Our son is attending Grade Four in a specialized program that includes a compulsory String Instruments class, thus he’s been struggling to master a screechy little violin since September. It’s a public school; by some budgetary jiggery-pokery they manage to retain the services of a nearly-full-time Strings teacher. Last Thursday night was the Christmas Concert featuring the fourth and fifth graders, and we had no idea what to expect.
Madness, madness, madness; the “intermediate” fifth-grade orchestra, the “beginners” fourth-grade orchestra, and the Advanced Seventh-Grade “Irish” and “Christmas” ensembles. This is a lot of kids sawing away in a not-very-big school gym.
The first surprise was that the gym, packed that densely, wasn’t bad acoustically; you could hear all the musicians pretty well wherever you were sitting.
Then it turned out that the fifth-graders were actually good; reasonably tight and pretty well in tune. A perusal of the picture above reveals that the school population is heavily Asian in background; my guess is 80% or so. Accordingly, a couple of the pieces were in a Chinese flavor.
Then it turned out that the fourth-graders, while not actually good as such, weren’t terrible, and were funny. Their segment went with a narrative about how only three months ago they’d never touched a violin and could only make horrible noises (they all gleefully made horrible noises) but had progressed through pizzicato (illustrated) to open strings (illustrated) to actual tunes; and could now play Jingle Bells, which they did without disasters albeit at a lugubrious pace. Here are some of them:
The seventh-graders were polished and fun. The Irish ensemble had some impressive tempo changes and held together through the fast bits. Then the other group played a “Modern Christmas Medley”, schmaltzy arrangements of seasonal music composed between 1940 and 1965. Merry Little Christmas, Santa Claus is Coming, Rudolph, Frosty, Most Wonderful Time, you know the stuff. The stuff they play over bad speakers at malls. The stuff I’ve always loathed. Played competently by live instruments with intelligent arrangements, well, these are actually some pretty fine tunes, and they’re all imprinted deeper on our hindbrains than we’d like to admit. I actually found myself choking up a bit.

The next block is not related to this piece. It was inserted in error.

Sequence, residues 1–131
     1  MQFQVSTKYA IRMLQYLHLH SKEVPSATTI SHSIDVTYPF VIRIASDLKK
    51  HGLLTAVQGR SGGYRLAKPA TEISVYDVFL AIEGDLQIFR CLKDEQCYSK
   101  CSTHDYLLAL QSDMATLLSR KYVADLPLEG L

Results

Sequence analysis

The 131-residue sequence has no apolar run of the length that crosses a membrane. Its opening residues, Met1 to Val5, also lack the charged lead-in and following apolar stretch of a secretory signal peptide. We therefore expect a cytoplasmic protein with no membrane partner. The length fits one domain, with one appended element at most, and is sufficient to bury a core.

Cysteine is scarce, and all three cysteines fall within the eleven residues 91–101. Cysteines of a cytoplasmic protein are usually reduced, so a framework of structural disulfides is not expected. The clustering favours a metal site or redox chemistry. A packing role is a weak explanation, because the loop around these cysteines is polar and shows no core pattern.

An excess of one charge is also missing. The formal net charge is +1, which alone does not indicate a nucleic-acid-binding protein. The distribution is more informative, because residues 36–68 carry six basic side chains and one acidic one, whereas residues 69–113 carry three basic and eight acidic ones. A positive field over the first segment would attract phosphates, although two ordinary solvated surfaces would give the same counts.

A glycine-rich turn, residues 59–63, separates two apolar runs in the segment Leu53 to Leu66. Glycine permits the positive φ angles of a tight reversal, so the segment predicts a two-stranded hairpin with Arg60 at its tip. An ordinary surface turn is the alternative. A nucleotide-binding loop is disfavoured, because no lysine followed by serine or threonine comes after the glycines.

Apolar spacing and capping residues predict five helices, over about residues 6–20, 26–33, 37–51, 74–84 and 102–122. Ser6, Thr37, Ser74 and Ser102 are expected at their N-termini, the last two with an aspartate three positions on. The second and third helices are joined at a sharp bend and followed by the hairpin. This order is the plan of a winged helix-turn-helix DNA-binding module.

I made a point of tracking down the maestro afterward to compliment him on the medley. We’ve had a couple of conversations; at the start of the year I introduced myself as someone with moderate competence in music and strings who might be able to help, and then a month ago I dropped the boy’s violin and broke it (remarkably traumatic) and had to go in shamefaced to ’fess up and pay up.
He thanked me with a smile and said “Hey, you’re in Wikipedia!” Which is the first time this has happened to me. I didn’t have a snappy comeback ready so I just stammered. I’ll have to work on something, civilians don’t realize how easy it is for computer programmers to get in.
Think those pictures look a little yellow? Well, that’s a lie. The gym has yellow walls and violently yellow ceiling lights. Lauren speculated that they were trying to erase the ethnic variations in the room by making everyone look like a space alien. I rammed the White-balance slider all the way over in the interests of humanization.
Comment feed for ongoing:
From: Derek K. Miller (Dec 13 2008, at 12:54)
"A lot of kids sawing away" instantly brought into my head the famous theme from "Psycho," but I'm sure it was at least a little less intense than that.
My kids chose piano (no really, they did), and fortunately it's impossible to make it screech. Plus, our digital keyboard has a volume control.
Not that I should complain. They're both becoming quite good (they know more theory than I do), and I'm the one with the drum kit and guitar amps in the basement. Speaking of which, time to pack up for a gig tonight...